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Harvard Health Publications

Back X-Rays (Spine X-Rays)

What is the test?

Doctors have used x-rays for over a century to see inside the body in order to diagnose a variety of problems, including cancer, fractures, and pneumonia. During this test, you usually stand in front of a photographic plate while a machine sends x-rays, a type of radiation, through your body. Originally, a photograph of internal structures was produced on film; nowadays, the image created by the x-rays goes directly into a computer. Dense structures, such as bone, appear white on the x-ray films because they absorb many of the x-ray beams and block them from reaching the plate. Hollow body parts, such as lungs, appear dark because x-rays pass through them.

Doctors use back x-rays to examine the vertebrae in the spine for fractures, arthritis, or spine deformities such as scoliosis, as well as for signs of infection or cancer. X-rays can be taken separately for the three areas of the spine: the cervical spine (neck), thoracic spine (middle back), and lumbar spine (lower back). Occasionally, doctors x-ray the pelvis to help diagnose the cause of back pain.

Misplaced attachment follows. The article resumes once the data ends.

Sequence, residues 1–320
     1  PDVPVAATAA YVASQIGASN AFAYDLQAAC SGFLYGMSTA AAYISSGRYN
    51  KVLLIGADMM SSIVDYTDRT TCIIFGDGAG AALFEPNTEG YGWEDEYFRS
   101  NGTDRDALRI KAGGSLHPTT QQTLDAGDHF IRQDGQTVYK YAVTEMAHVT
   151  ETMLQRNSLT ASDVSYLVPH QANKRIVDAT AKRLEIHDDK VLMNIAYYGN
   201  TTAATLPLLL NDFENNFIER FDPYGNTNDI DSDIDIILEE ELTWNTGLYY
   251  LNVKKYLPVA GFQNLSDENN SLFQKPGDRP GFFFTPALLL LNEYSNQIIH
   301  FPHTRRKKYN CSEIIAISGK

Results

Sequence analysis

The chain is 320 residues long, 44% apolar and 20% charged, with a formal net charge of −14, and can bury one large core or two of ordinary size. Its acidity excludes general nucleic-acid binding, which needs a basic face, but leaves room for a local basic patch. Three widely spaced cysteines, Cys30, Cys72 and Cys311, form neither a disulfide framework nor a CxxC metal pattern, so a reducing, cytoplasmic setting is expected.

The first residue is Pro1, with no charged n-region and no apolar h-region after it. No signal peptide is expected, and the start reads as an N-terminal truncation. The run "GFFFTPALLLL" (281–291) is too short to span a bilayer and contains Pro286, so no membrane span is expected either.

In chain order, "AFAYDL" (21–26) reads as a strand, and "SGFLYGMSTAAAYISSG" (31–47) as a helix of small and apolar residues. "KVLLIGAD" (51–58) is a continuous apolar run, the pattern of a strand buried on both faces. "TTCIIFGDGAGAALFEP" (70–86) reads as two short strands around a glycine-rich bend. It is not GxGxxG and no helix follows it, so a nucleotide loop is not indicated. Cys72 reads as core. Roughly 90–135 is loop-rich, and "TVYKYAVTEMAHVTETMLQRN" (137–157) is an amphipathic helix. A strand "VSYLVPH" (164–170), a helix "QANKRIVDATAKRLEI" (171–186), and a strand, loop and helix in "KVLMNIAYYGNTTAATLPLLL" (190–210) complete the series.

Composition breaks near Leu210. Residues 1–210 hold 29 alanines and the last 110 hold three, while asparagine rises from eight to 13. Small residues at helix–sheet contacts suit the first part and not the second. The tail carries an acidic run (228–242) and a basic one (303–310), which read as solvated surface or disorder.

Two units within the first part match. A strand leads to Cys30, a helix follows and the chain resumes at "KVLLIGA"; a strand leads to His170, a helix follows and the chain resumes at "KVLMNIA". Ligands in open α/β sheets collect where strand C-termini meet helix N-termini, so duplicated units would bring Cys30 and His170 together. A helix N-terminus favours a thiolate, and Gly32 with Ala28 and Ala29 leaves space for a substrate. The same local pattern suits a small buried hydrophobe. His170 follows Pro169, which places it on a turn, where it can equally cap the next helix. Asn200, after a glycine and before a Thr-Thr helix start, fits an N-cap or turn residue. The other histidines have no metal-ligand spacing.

How do I prepare for the test?

You have to remove all clothing, undergarments, and jewelry from your upper body. You may be asked to wear a hospital gown.

What happens when the test is performed?

You either stand or lie down while a technician takes the x-rays. He or she positions you against the photographic plate (which looks like a large board) to get the clearest pictures. A front view and a side view are usually taken.

For cervical spine x-rays, the technician tells you to open your mouth as wide as you can before taking some of the pictures; this is done to avoid having your teeth block the view of the bones at the top of your spine.

The technician leaves the room or stands behind a screen while controlling the x-ray camera. To avoid a blurred image, he or she tells you to remain as still as possible, including holding your breath, before taking each picture.

What risks are there from the test?

The amount of radiation from x-ray tests is too small to be likely to cause any harm. However, if you're pregnant, talk to your doctor. Radiation may be harmful to a developing fetus.

Must I do anything special after the test is over?

No.

How long is it before the result of the test is known?

Although digital images are often available immediately, it may take additional time for a doctor to examine them. You'll probably get the results later in the day.


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